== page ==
Monday, 27 May 2013

Resurrection Day for Old Websites

Two more of my websites on free dial-up servers disappeared into the ether some time around the beginning of May. I've been spending a lot of time since then on reconstructing them on sections of the Mayhematics site. This is in addition to rearranging the Knight's Tour Notes material. There I have been putting the images into separate folders which makes it easier to understand, rather than have everything jumbled up together.

The Games and Puzzles Journal is now here: but there are 13 more pages to do, which is about half the total. It's a while since I looked at these pages in any detail, and I found they made interesting reading. As usual a number of links had disappeared though I was able to relocate some of them on new sites.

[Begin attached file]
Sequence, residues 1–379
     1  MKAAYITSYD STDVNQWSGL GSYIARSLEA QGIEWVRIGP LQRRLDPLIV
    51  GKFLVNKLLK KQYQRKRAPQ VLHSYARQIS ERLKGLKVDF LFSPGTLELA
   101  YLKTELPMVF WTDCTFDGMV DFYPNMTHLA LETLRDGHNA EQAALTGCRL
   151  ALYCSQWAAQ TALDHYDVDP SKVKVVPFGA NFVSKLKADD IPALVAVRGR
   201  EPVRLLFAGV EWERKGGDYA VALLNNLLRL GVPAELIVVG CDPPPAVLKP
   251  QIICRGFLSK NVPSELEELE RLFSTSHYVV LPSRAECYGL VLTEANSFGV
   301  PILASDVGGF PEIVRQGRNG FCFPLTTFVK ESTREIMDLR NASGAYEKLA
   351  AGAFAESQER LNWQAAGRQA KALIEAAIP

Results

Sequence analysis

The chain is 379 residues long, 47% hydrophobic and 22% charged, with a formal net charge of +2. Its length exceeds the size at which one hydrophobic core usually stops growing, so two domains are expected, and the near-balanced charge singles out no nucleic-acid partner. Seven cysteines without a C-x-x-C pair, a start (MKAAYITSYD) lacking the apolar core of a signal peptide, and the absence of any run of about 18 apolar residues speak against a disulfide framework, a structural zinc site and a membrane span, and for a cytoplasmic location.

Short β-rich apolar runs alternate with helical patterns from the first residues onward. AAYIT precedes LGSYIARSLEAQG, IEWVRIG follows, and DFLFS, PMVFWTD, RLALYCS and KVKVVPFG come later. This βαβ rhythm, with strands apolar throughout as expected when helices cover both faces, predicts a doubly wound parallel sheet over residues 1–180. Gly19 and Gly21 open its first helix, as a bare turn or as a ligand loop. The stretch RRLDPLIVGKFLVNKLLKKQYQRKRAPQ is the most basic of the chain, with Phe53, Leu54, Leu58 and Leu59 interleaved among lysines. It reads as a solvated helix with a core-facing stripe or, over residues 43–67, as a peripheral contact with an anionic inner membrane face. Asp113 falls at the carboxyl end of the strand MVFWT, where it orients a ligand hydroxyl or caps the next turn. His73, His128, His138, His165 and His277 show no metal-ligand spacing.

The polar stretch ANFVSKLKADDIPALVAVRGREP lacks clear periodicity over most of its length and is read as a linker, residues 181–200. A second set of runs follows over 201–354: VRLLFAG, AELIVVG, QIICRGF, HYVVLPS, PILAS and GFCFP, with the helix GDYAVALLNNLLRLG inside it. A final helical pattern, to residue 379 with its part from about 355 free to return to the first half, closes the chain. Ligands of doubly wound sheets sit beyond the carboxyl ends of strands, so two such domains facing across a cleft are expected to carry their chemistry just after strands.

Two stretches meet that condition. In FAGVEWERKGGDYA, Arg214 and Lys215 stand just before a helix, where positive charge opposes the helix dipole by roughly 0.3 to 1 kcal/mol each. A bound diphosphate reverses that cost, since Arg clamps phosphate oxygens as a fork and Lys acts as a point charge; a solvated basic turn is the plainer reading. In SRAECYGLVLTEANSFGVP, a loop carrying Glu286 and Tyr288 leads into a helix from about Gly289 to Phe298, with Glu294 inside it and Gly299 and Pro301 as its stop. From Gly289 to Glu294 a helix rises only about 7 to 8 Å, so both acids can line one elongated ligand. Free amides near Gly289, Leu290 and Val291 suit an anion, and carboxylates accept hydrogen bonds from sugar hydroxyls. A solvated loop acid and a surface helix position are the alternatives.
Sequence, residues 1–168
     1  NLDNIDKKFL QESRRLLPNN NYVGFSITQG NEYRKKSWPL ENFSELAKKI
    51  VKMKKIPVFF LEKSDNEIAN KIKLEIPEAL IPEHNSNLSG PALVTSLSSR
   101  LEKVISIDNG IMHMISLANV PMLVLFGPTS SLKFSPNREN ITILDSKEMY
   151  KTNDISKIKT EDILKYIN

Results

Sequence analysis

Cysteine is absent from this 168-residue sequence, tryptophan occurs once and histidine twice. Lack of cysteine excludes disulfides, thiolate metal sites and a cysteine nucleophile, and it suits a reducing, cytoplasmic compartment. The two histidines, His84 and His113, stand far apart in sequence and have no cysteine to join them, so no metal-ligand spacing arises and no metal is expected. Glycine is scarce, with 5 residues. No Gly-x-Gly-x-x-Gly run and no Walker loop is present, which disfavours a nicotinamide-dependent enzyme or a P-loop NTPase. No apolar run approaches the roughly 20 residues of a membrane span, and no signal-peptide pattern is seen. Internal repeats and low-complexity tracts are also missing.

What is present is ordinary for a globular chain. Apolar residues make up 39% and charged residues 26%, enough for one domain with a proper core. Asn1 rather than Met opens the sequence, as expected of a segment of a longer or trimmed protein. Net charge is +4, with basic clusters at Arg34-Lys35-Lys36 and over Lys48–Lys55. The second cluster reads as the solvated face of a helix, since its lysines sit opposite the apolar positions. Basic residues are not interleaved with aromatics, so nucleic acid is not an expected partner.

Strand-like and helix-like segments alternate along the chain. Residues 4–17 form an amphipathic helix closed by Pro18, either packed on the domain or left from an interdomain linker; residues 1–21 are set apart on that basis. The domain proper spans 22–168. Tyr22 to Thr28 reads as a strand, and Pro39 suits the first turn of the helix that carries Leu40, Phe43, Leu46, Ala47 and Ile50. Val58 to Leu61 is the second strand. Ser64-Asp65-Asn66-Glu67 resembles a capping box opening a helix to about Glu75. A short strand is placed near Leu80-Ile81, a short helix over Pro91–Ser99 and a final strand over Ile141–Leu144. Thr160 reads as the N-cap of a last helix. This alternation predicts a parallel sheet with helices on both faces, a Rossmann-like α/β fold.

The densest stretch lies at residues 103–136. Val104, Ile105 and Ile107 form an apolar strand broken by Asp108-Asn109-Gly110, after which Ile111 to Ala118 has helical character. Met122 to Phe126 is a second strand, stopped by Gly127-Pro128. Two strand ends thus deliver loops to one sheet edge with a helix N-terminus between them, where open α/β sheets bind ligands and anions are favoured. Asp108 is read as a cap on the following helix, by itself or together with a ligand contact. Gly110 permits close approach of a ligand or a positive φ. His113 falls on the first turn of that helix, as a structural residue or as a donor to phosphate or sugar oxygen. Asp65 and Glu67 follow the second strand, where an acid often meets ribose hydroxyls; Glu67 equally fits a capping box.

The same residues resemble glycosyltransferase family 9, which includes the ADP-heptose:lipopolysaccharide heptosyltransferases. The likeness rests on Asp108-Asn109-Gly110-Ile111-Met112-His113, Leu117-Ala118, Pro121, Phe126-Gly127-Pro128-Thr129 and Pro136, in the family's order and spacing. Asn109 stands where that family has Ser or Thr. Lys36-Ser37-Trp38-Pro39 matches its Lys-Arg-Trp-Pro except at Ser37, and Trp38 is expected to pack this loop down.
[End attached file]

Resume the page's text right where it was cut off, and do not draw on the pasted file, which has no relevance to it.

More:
The British Chess Variants Society website is now here: and is as complete as I can make it. I still had a few pages of my own articles on my computer, but the rest was preserved by Sue Beasley who maintained the site for several years up to 2010 when the Society closed down. At present the policy is to keep the pages as an archive and not to update them. In effect this treats them like any printed publication. There are items there that I had almost forgotten too.

Many old sites can also be found on the way back machine here: at least in part if you have the old web address.

Tuesday, 23 April 2013

Another Game From St Albans

The full results from the St Albans Chess Congress are now available: